Is There Any Point In Certifications?

In an industry where professionals are often most concerned with gaining practical experience, are vendor certifications still of value? The "Certification Table of Enlightenment" can help you find out.

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I've been working in the technology industry for over 30 years and in that time I've had to reinvent myself through many industry "paradigm" shifts, just like the shift to cloud that we are going through now.

I've sold mainframe emulators, installed acoustic couplers and worked on the IT strategies of major businesses. I graduated in 2009 from Manchester Met University and on a 30-year trip to get to that degree I picked up certifications in French fry production at McDonalds, an MCNE and MCNI by Novell, XT repair and OS/2 from IBM, an ITIL ticket, NT4, Windows 95, PowerPoint 2010…

My certification profile ebbed and flowed as the technologies and services I delivered changed. OS/2 certifications may be of no use today, but back then they gave me the confidence I needed to work with one of those newfangled graphical user interfaces. Maybe more importantly, it gave my customers confidence as well.

Are certifications worth pursing as an individual? My catch all answer is "yes", but of course it depends on your own motivation.

Would you leave university the day before the exam?

Ask yourself: would you leave university without doing the degree because you had learned what you set out to learn? If you've done the course you know your stuff. You've already done the hard part. Go take the exam. It will make a difference, especially if the day comes when your qualifications are being lined up against other people who didn't sit the exam.

Personally, I'm passionate about certification for a number of personal reasons. If I had to list my top five, I'd go with:

  • A way to demonstrate that I have the skills to get the job done
  • The personal challenge of me versus the vendor / me versus the technology
  • Bragging rights
  • I like certificates
  • Industry credibility. Actually, let's make that technology credibility

My boss says….

Many organisations recognise the bottom line value certification brings to the business. Some still hold onto the outdated view that if you get certified you'll leave. That is possible, but you'd leave anyway if you are not being challenged, or when you work out you are not being invested in.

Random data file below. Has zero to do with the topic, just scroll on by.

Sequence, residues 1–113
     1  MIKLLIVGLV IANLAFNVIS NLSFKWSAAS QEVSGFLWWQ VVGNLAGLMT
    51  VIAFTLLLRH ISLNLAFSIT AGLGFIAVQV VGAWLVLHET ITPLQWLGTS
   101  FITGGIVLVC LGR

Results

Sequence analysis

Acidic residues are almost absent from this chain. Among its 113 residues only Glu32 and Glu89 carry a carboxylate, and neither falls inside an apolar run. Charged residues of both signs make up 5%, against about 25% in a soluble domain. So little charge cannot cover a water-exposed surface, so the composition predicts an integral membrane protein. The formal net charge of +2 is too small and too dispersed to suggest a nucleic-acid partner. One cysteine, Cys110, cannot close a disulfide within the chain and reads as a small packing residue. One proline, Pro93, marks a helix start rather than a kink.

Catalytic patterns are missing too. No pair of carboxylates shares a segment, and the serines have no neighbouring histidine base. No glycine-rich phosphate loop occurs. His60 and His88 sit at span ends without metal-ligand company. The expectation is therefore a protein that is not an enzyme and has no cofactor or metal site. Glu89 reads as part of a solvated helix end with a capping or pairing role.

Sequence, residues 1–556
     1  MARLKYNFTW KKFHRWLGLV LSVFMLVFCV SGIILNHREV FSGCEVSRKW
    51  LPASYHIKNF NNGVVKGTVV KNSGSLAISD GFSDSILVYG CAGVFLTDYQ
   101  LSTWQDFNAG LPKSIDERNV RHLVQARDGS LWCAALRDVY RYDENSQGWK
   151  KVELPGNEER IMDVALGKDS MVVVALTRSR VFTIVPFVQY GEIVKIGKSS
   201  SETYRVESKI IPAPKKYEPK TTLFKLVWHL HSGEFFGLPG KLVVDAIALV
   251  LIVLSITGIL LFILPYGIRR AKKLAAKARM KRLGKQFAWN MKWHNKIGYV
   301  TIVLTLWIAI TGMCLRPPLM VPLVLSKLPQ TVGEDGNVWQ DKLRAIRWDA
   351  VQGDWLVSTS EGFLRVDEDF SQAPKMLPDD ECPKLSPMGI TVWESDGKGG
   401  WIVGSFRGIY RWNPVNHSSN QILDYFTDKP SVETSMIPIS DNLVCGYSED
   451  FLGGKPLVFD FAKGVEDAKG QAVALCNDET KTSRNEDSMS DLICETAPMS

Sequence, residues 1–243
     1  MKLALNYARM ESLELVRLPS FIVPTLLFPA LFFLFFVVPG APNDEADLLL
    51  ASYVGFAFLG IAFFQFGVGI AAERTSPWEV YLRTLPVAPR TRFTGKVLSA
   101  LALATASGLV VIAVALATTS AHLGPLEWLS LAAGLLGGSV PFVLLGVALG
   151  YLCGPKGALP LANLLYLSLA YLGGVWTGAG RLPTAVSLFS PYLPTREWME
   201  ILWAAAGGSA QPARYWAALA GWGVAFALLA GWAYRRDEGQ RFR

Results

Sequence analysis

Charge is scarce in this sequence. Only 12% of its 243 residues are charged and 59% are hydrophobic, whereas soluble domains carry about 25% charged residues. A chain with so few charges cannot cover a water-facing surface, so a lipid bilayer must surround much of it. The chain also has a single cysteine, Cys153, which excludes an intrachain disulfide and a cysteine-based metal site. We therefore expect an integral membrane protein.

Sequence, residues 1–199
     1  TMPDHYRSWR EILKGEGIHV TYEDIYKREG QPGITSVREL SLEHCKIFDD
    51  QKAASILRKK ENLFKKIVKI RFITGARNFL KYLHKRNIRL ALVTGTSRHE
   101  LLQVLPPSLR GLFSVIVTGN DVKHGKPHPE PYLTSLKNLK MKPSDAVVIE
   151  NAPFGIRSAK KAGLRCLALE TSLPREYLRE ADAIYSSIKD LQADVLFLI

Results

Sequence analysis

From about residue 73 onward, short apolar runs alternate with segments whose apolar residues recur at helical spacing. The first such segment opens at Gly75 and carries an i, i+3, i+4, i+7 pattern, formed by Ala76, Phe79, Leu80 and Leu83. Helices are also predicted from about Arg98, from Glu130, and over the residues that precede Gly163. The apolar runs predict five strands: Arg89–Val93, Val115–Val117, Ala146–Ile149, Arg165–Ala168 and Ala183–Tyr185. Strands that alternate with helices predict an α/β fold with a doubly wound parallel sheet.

Richard Branson has a quote I love: "Train people well enough so they can leave. Treat them well enough so they don't want to."

I can't claim to know what Richard Branson's approach is beyond what I hear and read, but as a businessman it's clear he values training and certification. He also said: "If you look after your staff, they'll look after your customers. It's that simple."

Sadly not all bosses are as enlightened. Not all bosses own a spaceship either.

Is there any evidence certifications reduce costs?

Over years working with individuals and organisations about the benefits of certification, I've been able to create my Certification Table of Enlightenment. What's in it for you? For your organisation?

Benefit Organisation Individual
Show the world I know stuff Yes Yes
Helps the business attract further good talent Yes
Motivates and rewards staff Yes
Increased employability, greater career growth potential and networking opportunities Yes
Provides stakeholders with confidence in team / individual ability Yes Yes
Demonstrates capability to stakeholders Yes
Provides a tangible direction for professional development Yes
Mitigation of risk through lack of competency Yes
Decrease risk of poor implementation and / or poor ongoing support Yes
Improved staff retention Yes Yes
Motivation Yes
Reduced costs Yes
Improved productivity Yes Yes

Training ROI is hard to qualify, especially on a certification program with several training interventions and exams. How do you measure? When do you measure? In fact, what do you measure?

Fortunately, IDC frequently release the results of training and certification surveys. The most recent survey IDC conducted, of over 3000 people, was for Juniper. Their Network Management Survey from 2014 provides some reusable, fact-based stories. Like how more than one week of training drove an increase in router up time from 78% to 94%.

Key activity Key metric <1 day training >1 week training
Design and planning of networks and integration of devices % of time networked resources are available 72 90
  % of changes to network architecture complete 56 71
Installation and configuration of routers and switches Average % uptime of critical routers/switches 78 94
  % of installations completed to plan 67 80
Routing/switching protocol management % of architecture changes fully documented 57 68
Routing policy management % of implementations which worked first time 69 82

But that's training, not certification, so let's borrow another IDC stat. From a certification perspective, IDC found strength in numbers. The higher percentage of a team that had achieved a certification, the quicker maintenance activities completed on time. That translates into a bottom line saving — so that must impress the boss.

Whilst these figures relate to Juniper, back in 2008 IDC did a similar survey across all IT functions and the results are very similar:

We have to conclude from this that there is a tangible Return on Investment to be had by certifying the team. Making it part of the culture.

It is win/win

Certification provides the business with measurable benefits, such as reduced down time. It delivers non-measurable benefits in a motivated workforce. And the individual, you and I, are better placed for career progression and can show the world that we know stuff. Even if it is OS/2.

There is an analogy I like to use when making the case for certification:

Think back to the last time you flew somewhere. Was the pilot of our Boeing 747 certified to fly you across the country? If you could save a few bucks, would you be happy with someone up front flying where the skills were not validated? I wouldn't. I'd take the CBD every time (Certified Boeing Driver).

Rather like modern certifications, pilots have to be certified for each aircraft type they fly and they have to be revalidated from time to time. As we head for the clouds as well, maybe we need to adopt that same model.